For a more detailed break down of my six month pity party:
Aka, the "purpose" of this entire blog. It didn't go as planned. During our first 9 mile run (about a month from the half), I had some kind of physical break down where my hip gave out and my guts went crazy. I had to stop running about 6 miles when my gastrointestinal distress became so severe that I feared an imminent pants-disaster. We stopped at a gas station but I couldn't go to the bathroom. So, we tried to run again (because I'm hard headed) and that's when my hip just gave out. I didn't feel anything snap or pop, it just suddenly became loose and wobbly. I hobbled down to the nearest Dairy Queen and made it to the bathroom just in time. Then we hobbled back home about 3 miles. The next day I could barely walk. Awesome.
I made a lot of bad bad decisions that run. Looking back, I should have stopped for good the first time. I should've called a friend to come pick us up. I should've refueled better and eaten more carbs before the run. I should've kept up with my strength training, since I knew my hips were vulnerable to injury.
I basically rested for the next two and a half weeks, and then attempted some 30 minute walks along our normal running paths. Although I still had some serious hip discomfort, I was too bone-headed to give up. By the day of the half, I felt "well" enough to convince my husband that we should walk the half. So we did. It was incredibly cold (like, almost freezing). It was slow going, but my hip and my fear kept us from running. We did end up running the last mile, which was pretty encouraging. All in all, it took us about three and a half hours to cross the finish line... pretty abysmal. Because we got there so late, the race organizers had run out of finisher's medals. Ugh. We did eventually get them in the mail.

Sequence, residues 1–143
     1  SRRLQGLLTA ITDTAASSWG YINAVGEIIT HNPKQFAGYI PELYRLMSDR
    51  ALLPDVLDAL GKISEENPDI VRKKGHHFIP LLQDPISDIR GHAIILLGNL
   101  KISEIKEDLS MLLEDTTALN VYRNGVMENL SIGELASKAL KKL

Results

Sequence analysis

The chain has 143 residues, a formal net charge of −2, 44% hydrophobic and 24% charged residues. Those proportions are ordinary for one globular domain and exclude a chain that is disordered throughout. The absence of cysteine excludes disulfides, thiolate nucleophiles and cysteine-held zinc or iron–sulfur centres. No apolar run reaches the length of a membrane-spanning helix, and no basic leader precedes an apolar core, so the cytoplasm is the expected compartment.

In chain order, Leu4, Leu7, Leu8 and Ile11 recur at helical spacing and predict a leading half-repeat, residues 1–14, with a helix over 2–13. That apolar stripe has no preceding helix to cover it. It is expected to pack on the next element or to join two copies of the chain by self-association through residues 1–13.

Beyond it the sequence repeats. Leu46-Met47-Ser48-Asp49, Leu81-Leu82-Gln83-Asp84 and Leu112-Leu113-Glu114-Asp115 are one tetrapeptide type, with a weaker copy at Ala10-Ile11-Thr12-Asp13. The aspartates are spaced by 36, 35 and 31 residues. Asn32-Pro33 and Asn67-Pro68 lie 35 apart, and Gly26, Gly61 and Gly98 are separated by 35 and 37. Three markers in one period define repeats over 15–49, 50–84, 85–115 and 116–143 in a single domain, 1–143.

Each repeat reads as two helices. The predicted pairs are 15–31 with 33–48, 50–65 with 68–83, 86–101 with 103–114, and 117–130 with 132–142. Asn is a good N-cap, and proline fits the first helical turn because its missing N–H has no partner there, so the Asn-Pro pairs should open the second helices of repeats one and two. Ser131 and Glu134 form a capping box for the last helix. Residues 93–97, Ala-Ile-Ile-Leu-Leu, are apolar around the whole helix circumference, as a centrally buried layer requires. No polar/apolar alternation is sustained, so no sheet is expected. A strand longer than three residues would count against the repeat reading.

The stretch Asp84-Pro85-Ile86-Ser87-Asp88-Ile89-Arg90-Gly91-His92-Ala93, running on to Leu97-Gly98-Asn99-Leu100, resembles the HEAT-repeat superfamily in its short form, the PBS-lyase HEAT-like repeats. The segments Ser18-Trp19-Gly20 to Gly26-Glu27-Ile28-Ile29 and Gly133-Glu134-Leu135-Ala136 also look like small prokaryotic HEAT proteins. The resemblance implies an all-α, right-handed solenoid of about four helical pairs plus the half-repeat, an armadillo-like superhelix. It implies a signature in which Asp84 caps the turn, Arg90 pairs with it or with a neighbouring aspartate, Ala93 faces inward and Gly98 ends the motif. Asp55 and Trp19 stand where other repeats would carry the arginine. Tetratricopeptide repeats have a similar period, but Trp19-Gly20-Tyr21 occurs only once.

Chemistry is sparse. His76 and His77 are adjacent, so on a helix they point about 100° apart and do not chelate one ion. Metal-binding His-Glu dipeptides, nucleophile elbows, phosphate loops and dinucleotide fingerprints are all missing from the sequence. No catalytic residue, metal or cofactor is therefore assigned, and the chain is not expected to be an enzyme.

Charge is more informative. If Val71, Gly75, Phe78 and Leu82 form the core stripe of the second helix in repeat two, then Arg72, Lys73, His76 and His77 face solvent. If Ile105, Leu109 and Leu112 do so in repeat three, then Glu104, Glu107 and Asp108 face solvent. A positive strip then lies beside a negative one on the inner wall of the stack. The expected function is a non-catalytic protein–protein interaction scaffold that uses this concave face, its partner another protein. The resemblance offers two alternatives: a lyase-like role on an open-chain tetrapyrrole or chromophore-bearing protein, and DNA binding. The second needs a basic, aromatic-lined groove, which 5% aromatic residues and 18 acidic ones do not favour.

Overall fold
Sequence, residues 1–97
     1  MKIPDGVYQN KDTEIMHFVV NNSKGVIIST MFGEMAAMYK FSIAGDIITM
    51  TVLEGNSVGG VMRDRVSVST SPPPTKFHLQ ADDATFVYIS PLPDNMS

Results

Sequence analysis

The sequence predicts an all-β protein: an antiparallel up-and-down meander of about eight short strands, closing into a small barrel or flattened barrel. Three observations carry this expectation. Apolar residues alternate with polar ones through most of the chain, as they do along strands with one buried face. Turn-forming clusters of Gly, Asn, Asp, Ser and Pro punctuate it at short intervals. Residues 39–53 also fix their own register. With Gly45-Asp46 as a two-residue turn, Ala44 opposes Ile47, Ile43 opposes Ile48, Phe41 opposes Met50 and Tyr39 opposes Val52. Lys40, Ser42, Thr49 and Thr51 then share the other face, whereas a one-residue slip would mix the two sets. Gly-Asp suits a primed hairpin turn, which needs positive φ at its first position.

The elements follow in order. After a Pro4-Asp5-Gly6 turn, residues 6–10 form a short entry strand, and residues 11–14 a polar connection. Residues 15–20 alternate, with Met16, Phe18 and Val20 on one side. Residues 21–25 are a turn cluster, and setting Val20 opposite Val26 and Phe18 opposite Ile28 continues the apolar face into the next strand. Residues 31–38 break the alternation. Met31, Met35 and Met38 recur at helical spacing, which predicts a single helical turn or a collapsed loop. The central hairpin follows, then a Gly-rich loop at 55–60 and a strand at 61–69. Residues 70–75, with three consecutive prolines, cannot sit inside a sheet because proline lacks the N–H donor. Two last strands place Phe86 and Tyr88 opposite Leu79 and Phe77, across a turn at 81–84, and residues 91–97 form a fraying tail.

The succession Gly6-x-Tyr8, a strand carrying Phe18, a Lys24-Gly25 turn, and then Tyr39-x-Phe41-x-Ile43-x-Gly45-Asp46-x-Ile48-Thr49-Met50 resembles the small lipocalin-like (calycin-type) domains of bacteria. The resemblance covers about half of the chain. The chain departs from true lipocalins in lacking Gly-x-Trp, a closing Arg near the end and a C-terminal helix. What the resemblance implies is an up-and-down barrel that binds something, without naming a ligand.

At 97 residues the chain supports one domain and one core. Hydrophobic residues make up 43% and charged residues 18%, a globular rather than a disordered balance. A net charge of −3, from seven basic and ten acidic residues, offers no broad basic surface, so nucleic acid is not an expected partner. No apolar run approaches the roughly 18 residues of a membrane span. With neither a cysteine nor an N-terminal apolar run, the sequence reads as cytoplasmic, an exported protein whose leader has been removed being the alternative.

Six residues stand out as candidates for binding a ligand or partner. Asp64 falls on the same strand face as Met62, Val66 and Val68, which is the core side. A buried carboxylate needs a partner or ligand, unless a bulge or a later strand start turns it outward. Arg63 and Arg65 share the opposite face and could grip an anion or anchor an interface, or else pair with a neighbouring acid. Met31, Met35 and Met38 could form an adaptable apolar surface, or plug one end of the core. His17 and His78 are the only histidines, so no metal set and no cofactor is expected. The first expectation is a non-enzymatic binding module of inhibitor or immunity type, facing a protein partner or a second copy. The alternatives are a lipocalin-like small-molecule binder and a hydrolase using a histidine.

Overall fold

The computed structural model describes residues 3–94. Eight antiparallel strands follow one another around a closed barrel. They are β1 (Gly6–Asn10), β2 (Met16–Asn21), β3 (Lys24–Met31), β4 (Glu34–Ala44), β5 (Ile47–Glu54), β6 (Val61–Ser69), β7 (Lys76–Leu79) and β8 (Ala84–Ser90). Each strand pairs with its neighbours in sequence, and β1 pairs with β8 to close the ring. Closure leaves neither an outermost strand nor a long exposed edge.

They looked like this:
After the race:
I didn't feel like running EVER again. I felt incredibly discouraged, stupid, and worthless (never mind the fact that I had just walked 13.1 miles after training for months, something that should have made me feel proud of myself). It just seemed so pointless. I spent about two months doing nothing aside from some karate and half-hearted walks. Needless to say, I put on a bit of weight. Then the holidays came, and I put on some more weight. Yay!
At some point, I decided to get off my butt and do something. I landed on this strength training program from Kara Goucher, courtesy of Tony Salazar. It's specially designed for runners and it is a beast. I made it through one full round (four weeks of increasingly heavy weights + one rest week), put on a lot of muscle, and felt pretty awesome about myself. During my first week of round two, I screwed up by not eating enough calories (again) which resulted in me almost passing out in the middle of a set.
Shortly after this experience, my husband and I traded various flu strains back and forth for about 6 weeks. Then I got a little depressed. Then, we had this ridiculous month of crazy weather changes that threw my poor joints into a tailspin.
Then I went out of town for ten days for a conference in New York. Then I got sick again.
Aaaaaand now I'm here. Sick and tired of being sick and tired, as they say. Last week, my husband and I started a new round of the Kara Goucher workout. Next week, I'm going to start a weird paleo food challenge called the Whole30 Challenge. So there you go.
Words of encouragement are welcome, as are any hilarious stories of failure that you might have.